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Welcome to another Turbo Storie

Today we present,

Reverend Luther.

Reverend Martin Luther King Jr. was a legend of the civil rights movement.


In the mid-1950s, Dr. King led the movement to end racial segregation and counteract prejudice in the United States through peaceful protest.

His speeches, some of the most iconic of the 20th century, had a profound effect on the national consciousness of the United States. Thanks to his leadership, the civil rights movement opened doors to education and employment that had long been closed to the Black population in the United States.

In 1983, President Ronald Reagan signed a bill creating a federal holiday in honor of Dr. King for his commitment to equal rights and justice for all. Celebrated for the first time on January 20, 1986, it is called Martin Luther King Jr. Day.


In January 2000, Martin Luther King Jr. Day was officially celebrated in all 50 states in the United States. The day commemorates the activist's birthdate, January 15, 1929, but like many holidays in the United States, it is not a fixed date and is celebrated on the third Monday of January.

This is what you need to know about the extraordinary life of Dr. King.

Early Life

Although Dr. King's name is known worldwide, many may not know that he was born as Michael King, Jr. in Atlanta, Georgia, on January 15, 1929.


His father, Michael King, was the pastor of Ebenezer Baptist Church in Atlanta. During a trip to Germany, King Sr. was so impressed by the history of the Protestant Reformation leader Martin Luther that he not only changed his own name but also that of 5-year-old Michael.

His brilliance was evident early on, as at the age of 15, he was accepted into Morehouse College, a historically Black school in Atlanta.

In the summer before his last year of college, Dr. King knew he was destined to continue the family tradition of pastoral work and decided to enter the ministry.


He graduated from Morehouse at the age of 19 and then enrolled in Crozer Theological Seminary in Chester, Pennsylvania, where he earned a Divinity degree in 1951.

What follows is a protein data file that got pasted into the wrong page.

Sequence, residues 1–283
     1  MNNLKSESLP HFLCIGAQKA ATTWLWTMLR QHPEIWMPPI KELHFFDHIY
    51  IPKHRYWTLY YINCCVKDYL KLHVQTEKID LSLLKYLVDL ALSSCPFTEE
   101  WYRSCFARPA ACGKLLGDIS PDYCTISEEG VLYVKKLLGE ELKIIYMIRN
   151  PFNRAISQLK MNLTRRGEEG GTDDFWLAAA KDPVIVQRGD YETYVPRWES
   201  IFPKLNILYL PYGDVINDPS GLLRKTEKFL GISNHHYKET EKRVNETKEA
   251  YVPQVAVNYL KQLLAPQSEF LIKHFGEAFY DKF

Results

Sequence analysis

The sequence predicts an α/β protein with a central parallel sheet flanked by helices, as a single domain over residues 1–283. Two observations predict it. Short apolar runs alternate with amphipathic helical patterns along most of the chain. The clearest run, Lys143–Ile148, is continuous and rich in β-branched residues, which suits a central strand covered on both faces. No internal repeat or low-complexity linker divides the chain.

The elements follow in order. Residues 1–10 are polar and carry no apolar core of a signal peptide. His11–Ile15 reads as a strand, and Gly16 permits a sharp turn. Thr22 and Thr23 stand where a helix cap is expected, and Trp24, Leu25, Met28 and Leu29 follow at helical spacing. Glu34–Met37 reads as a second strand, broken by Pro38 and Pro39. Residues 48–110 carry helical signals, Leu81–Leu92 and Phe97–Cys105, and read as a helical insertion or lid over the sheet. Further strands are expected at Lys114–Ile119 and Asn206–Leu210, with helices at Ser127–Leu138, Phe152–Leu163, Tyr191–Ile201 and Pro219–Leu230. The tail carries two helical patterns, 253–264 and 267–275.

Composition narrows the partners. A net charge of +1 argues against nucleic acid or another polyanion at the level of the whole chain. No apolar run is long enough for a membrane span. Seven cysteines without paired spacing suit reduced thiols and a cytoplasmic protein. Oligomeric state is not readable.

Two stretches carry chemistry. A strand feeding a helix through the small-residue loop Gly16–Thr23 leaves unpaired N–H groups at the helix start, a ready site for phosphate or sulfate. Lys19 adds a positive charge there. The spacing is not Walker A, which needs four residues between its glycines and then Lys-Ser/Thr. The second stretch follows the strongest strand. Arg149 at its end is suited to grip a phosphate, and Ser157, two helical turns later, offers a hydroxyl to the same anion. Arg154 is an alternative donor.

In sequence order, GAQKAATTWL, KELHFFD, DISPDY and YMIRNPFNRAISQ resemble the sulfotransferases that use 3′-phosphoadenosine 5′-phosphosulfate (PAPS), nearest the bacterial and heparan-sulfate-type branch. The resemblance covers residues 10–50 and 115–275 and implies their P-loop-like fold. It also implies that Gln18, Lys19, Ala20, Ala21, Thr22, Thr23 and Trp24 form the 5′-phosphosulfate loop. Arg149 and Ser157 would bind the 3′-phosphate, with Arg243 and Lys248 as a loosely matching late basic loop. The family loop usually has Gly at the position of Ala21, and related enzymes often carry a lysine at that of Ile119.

He later earned his Ph.D. in systematic theology from Boston University in 1955.


Dr. King married Coretta Scott on June 18, 1953, in the garden of her parents' home in Heiberger, Alabama. They had four children.

In 1954, at the age of 25, Dr. King became the pastor of Dexter Avenue Baptist Church in Montgomery, Alabama.


In March 1955, Claudette Colvin, a 15-year-old Black student in Montgomery, refused to give up her seat on a bus to a white man, violating Jim Crow laws, local laws in the southern United States that enforced racial segregation. Dr. King was part of the African American community committee in Birmingham that investigated the case.


The local branch of the National Association for the Advancement of Colored People (NAACP) briefly considered using Colvin's case to challenge segregation laws but decided that, being so young and pregnant, her case would attract too much negative attention.


Nine months later, on December 1, 1955, a similar incident occurred when a seamstress named Rosa Parks was arrested for refusing to give up her seat on a city bus.


The two incidents led to the Montgomery Bus Boycott, urged and planned by the president of the Alabama NAACP chapter, E.D. Nixon, and led by Dr. King. The boycott lasted 385 days.


Dr. King's prominent and open role in the boycott led to numerous threats against his life, and his home was attacked with explosives. He was arrested during the campaign, which ended with the U.S. District Court ruling in Browder v. Gayle (in which Colvin was a plaintiff) that ended racial segregation on all public buses in Montgomery. Dr. King's role in the bus boycott made him a national figure and the most well-known spokesperson for the civil rights movement.

On August 28, 1963, the March on Washington for Jobs and Freedom became the pinnacle of Dr. King's national and international influence. In front of a crowd of 250,000 people, he delivered the legendary "I Have a Dream" speech on the steps of the Lincoln Memorial.


That speech, along with many others given by Dr. King, has had a lasting impact on global rhetoric.

In 1964, King received the Nobel Peace Prize for his activism in favor of civil rights and social justice. Most of the rights for which Dr. King organized protests became laws with the passage of the Civil Rights Act of 1964 and the Voting Rights Act of 1965.

But Dr. King would not live to see that vision realized. The next day, on April 4, 1968, Dr. King was shot and killed on the balcony of the Lorraine Motel in Memphis by James Earl Ray, a small-time criminal who had escaped from a maximum-security prison the previous year. Ray was charged and convicted of the murder and sentenced to 99 years in prison on March 10, 1969.


After three days in jail, Ray claimed he was not guilty and had been set up. He spent the rest of his life unsuccessfully fighting for a trial, despite the eventual support of some members of the King family and Reverend Jesse Jackson.

The turmoil sparked by Dr. King's assassination led many Black Americans to wonder if the dream he had spoken of so eloquently had died with him. However, today, young people around the world continue to learn about Dr. King's life and legacy, and his vision of equality and justice for all continues to resonate.


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